Following last week’s peak at the smartphone industry, we’ll take another look at some new developments that are throwing a curve ball to those trying to predict who exactly is on the rise and who’s stumbled. We took a look at the industry from the lens of smartphone OS’s, and saw that iPhone and Android have been showing impressive gains in use. But it seems the future for these companies and their products is less predictable than it seems.
Apple recently released their newest in the ever-popular iPhone series, the iPhone 4. Touting the usual hype and fanfare the iPhone is known for, it was expected to receive the same near-universal praise its predecessors saw. But then reports of issues started to come in from consumers. It turns out that the iPhone’s external antenna – the metal band wrapped around the phone – was causing signal trouble when gripped by the lower left corner. This was the driving factor in Consumer Report’s decision to not recommend the iPhone 4 to its readers. Though not the most elegant solution, multiple reports found that a simple piece of masking or duct tape in the corner solved the problem.
Apple wasted little time issuing a response, first recommending that their users “avoid gripping it in the lower left corner in a way that covers both sides of the black strip in the metal band.” Alternatively, they offered customers could purchase a case to block the antenna from contact. Steve Jobs made multiple statements on the issue, essentially down-playing the flaw by recommending “not holding it in that way” and that all mobile phones have such vulnerabilities. This did not stem the tide of criticism, however, and Apple took further action on July 16th. A press conference was held in which Jobs announced that Apple would provide free bumpers (cases to shield the antenna) to iPhone 4 owners, and that customers who already bought the bumper would be reimbursed. Jobs also continued to assert that this issue was present in all smartphones, and that the issue had been drastically exaggerated by the media.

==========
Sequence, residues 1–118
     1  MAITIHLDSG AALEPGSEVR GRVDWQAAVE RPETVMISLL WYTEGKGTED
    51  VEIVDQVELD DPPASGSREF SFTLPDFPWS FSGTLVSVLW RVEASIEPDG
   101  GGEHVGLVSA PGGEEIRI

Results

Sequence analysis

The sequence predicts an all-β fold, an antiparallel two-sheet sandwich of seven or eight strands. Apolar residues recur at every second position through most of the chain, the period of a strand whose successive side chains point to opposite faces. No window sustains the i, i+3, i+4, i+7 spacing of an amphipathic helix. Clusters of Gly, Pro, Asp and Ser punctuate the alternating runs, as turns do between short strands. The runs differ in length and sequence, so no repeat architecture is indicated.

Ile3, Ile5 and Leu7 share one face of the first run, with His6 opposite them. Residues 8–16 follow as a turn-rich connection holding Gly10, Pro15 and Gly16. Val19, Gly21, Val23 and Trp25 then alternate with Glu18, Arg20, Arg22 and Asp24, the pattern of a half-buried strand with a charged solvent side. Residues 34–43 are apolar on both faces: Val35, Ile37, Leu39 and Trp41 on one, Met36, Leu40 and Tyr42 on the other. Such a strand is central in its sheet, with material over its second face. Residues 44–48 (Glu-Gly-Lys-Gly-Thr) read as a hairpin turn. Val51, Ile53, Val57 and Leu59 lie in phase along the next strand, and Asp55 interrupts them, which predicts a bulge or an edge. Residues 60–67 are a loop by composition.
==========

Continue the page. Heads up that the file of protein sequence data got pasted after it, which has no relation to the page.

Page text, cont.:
Meanwhile, Research In Motion continues to hype the upcoming BlackBerry 6 OS. Their sneak-peak video of the OS’s features has many talking about what improvements will be seen upon its release. Among the new features is a redesigned WebKit; allowing for abilities such as pinch-zoom and touchscreen scrolling. The inclusion of these and other features seen in the BlackBerry’s competition may put the BlackBerry in better position to confront the rising tide of users picking up Android and iOS equipped smartphones. And with Apple still reeling from what Jobs has dubbed “antennagate,” they may be in better position than they expected.